Spotlighting prevention, “Orange the World” kicks off global efforts to end violence against women and girlsNov 25, 2015
From parades to soccer matches, school debates, and the lighting up of hundreds of iconic monuments, starting today a United Nations call to “Orange the World” will galvanize global action calling for an end to violence against women and girls, which affects one in three worldwide.
Unifying the large-scale social mobilization and global events will be the use of the colour orange, which has come to symbolize a bright and optimistic future free from violence against women and girls. The call to action is part of the UN Secretary-General’s UNiTE to End Violence against Women campaign, led by UN Women. It will be carried out during the civil society-driven16 Days of Activism against Gender-Based Violence, which run from 25 November, the International Day for the Elimination of Violence against Women, until 10 December, Human Rights Day. This year’s ‘Orange the World” initiative will focus on the theme of preventing violence against women and girls, in the specific context of the adoption of the 2030 Sustainable Development Agenda, which includes targets on ending violence against women and girls.
Coinciding with the 16 days of Activism, UN Women Executive Director Phumzile Mlambo-Ngcuka will undertake visits to three continents highlighting the urgent need for efforts to address the pandemic of violence at all levels—from global to the local—as well as across all sections of society, during high-profile events in Brazil, the Democratic Republic of Congo, Spain and Turkey.
The official commemoration of the International Day for the Elimination of Violence against Women on 25 November in New York will also see the launch of a landmark “UN Framework to Underpin Action to Prevent Violence against Women,” jointly developed by a number of UN entities including UN Women, ILO, UNDP, UNESCO, UNFPA and WHO.
“Violence against women and girls remains one of the most serious – and the most tolerated - human rights violations. It is both a cause and a consequence of gender inequality and discrimination. Its continued presence is one of the clearest markers of societies out of balance and we are determined to change that”, said UN Under- Secretary-General and UN Women Executive Director Ms. Phumzile Mlambo-Ngcuka. “The focus must now be on prevention, and although there is no single solution to such a complex problem, there is growing evidence of the range of actions that can stop violence before it happens. This comprehensive approach forms the core of the new framework developed by UN Women and our partner agencies.”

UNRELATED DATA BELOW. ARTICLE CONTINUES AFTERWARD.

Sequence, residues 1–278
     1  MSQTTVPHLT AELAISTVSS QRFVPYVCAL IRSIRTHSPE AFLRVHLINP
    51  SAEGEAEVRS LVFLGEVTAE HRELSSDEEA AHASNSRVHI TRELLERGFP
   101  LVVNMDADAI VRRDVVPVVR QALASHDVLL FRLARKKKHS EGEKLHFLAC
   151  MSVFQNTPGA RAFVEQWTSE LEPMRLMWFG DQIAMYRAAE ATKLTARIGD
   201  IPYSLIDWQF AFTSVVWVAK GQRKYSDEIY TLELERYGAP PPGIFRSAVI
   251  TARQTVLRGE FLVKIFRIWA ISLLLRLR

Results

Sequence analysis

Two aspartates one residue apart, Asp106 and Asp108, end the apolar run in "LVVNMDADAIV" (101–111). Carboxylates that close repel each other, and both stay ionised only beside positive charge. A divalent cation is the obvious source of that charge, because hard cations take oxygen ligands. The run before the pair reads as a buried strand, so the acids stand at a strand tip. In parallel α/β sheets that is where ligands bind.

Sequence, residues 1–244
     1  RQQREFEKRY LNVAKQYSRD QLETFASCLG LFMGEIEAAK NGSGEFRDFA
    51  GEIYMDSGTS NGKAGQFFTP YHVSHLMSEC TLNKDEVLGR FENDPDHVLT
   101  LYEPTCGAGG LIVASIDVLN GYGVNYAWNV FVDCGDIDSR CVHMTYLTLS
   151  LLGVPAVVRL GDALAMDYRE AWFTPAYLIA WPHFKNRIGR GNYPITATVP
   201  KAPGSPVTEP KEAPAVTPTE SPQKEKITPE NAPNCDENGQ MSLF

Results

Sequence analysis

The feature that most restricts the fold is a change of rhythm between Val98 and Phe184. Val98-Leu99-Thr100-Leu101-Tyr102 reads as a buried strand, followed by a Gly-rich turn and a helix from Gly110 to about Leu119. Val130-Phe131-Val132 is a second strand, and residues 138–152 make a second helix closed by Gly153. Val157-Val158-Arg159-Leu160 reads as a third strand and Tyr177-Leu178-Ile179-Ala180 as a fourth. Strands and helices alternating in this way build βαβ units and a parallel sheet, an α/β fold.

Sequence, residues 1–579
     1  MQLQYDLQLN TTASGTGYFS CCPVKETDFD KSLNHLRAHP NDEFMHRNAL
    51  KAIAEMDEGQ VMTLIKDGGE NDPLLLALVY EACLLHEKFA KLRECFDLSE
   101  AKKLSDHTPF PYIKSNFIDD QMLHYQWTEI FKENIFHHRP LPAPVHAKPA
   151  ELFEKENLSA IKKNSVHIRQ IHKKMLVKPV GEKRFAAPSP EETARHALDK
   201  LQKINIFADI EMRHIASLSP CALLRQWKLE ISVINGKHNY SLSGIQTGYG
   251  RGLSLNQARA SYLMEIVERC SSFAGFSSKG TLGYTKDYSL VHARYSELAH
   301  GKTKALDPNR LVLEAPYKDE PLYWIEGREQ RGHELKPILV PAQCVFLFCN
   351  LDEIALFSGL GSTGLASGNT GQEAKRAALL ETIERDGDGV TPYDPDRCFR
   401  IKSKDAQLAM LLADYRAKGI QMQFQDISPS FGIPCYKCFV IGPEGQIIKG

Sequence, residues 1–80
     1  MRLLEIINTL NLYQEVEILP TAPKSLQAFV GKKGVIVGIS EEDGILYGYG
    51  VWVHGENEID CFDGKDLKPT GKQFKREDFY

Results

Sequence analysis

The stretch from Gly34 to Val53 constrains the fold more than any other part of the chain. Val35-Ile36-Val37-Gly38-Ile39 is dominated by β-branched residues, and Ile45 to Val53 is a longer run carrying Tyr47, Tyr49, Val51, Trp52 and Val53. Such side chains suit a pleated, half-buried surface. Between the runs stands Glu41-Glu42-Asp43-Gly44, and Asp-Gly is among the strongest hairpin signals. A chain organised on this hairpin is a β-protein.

There has been some progress over the last few decades; today 125 countries have laws against sexual harassment and 119 against domestic violence, but only 52 countries on marital rape. Despite efforts, violence against women and girls continues in every country, with women being beaten in their homes, harassed on the streets and bullied on the Internet. Preventing and ending violence means tackling its root cause, gender inequality. In 2014, the WHO called it a ‘global epidemic’ and a public health crisis, given its impact on one in three women experiencing physical or sexual violence at some point in her life—mostly by an intimate partner, and sometimes rising to affect a staggering 70 per cent of women in certain countries. Among all women who were the victims of homicide in 2012, nearly half died at the hands of a partner or family member. An estimated 133 million girls and women have experienced some form of female genital mutilation/cutting. Adult women account for almost half of all human trafficking victims detected globally.
With the recent adoption by world leaders of the Sustainable Development Goals (SDGs), a bold new global development agenda in September 2015, a critical juncture was reached in global recognition that violence against women and girls is a serious but preventable problem. The gender equality goal, Goal 5 of the SDGs, aims to end all forms of discrimination against women and girls. It recognizes violence against women as an obstacle to fully achieving the development agenda and will provide comprehensive indicators on what we should do to address that goal. It focuses also on the provision of services to address sexual and reproductive rights. At the historic Global Leaders’ Meeting on Gender Equality and Women’s Empowerment event on 27 September 2015, many of the 70 world leaders who took the stage named ending violence against women and girls as a priority for action, demonstrating not only the size and universality of the problem, but also the recognition of Heads of Government/State of this pandemic of violence being a major obstacle to fully achieving gender equality and the empowerment of women.
Globally, during the fortnight under the “Orange the world” call, over 450 events are planned in more than 70 countries throughout the 16 days. They include the lighting of major monuments, and numerous activities involving civil society such as dialogue sessions with faith-based leaders, film screenings, theatre and dance performances, rallies, marches, marathons and digital activism via social media platforms.
In Samoa, there is a variety of powerful initiatives scheduled for the 16 Days of Activism Against Gender Based Violence. Planned for today, November 25th, we have two major events:
1. Parade in town from Police Station to Government Building to promote Orange day and White Ribbon Day
2. Official Opening of the 16 Days of Activism Campaign organized by the MWCSD, UN Women and UNESCO.Contact information
Ms. Francesca Mondello, UN Communications Specialist - Email: firstname.lastname@example.org - Phone: (+685) 23670 ext. 59